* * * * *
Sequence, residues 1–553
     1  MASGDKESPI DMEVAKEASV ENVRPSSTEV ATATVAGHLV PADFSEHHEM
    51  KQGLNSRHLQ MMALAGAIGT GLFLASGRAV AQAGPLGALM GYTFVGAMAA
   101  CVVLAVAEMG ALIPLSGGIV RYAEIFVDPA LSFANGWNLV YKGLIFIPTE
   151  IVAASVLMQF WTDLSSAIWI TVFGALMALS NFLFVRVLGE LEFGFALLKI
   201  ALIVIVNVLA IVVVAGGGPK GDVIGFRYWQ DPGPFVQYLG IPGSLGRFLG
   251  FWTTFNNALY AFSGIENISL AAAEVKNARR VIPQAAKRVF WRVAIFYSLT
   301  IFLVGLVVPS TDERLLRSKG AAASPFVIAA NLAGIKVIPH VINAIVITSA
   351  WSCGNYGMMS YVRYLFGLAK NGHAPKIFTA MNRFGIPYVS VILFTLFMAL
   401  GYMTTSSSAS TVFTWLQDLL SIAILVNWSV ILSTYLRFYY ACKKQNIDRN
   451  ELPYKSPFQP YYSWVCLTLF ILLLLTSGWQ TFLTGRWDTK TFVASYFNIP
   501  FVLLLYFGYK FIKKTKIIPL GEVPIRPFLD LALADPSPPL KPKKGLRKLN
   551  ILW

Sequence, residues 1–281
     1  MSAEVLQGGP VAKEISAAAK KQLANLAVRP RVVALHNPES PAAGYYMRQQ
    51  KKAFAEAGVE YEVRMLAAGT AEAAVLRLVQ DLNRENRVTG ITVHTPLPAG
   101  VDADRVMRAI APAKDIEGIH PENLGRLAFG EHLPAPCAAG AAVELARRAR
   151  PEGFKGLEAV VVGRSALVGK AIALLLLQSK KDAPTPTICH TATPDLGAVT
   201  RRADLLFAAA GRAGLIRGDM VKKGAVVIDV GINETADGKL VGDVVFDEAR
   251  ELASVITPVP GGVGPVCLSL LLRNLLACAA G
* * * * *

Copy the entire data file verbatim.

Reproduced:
Sequence, residues 1–553
     1  MASGDKESPI DMEVAKEASV ENVRPSSTEV ATATVAGHLV PADFSEHHEM
    51  KQGLNSRHLQ MMALAGAIGT GLFLASGRAV AQAGPLGALM GYTFVGAMAA
   101  CVVLAVAEMG ALIPLSGGIV RYAEIFVDPA LSFANGWNLV YKGLIFIPTE
   151  IVAASVLMQF WTDLSSAIWI TVFGALMALS NFLFVRVLGE LEFGFALLKI
   201  ALIVIVNVLA IVVVAGGGPK GDVIGFRYWQ DPGPFVQYLG IPGSLGRFLG
   251  FWTTFNNALY AFSGIENISL AAAEVKNARR VIPQAAKRVF WRVAIFYSLT
   301  IFLVGLVVPS TDERLLRSKG AAASPFVIAA NLAGIKVIPH VINAIVITSA
   351  WSCGNYGMMS YVRYLFGLAK NGHAPKIFTA MNRFGIPYVS VILFTLFMAL
   401  GYMTTSSSAS TVFTWLQDLL SIAILVNWSV ILSTYLRFYY ACKKQNIDRN
   451  ELPYKSPFQP YYSWVCLTLF ILLLLTSGWQ TFLTGRWDTK TFVASYFNIP
   501  FVLLLYFGYK FIKKTKIIPL GEVPIRPFLD LALADPSPPL KPKKGLRKLN
   551  ILW

Sequence, residues 1–281
     1  MSAEVLQGGP VAKEISAAAK KQLANLAVRP RVVALHNPES PAAGYYMRQQ
    51  KKAFAEAGVE YEVRMLAAGT AEAAVLRLVQ DLNRENRVTG ITVHTPLPAG
   101  VDADRVMRAI APAKDIEGIH PENLGRLAFG EHLPAPCAAG AAVELARRAR
   151  PEGFKGLEAV VVGRSALVGK AIALLLLQSK KDAPTPTICH TATPDLGAVT
   201  RRADLLFAAA GRAGLIRGDM VKKGAVVIDV GINETADGKL VGDVVFDEAR
   251  ELASVITPVP GGVGPVCLSL LLRNLLACAA G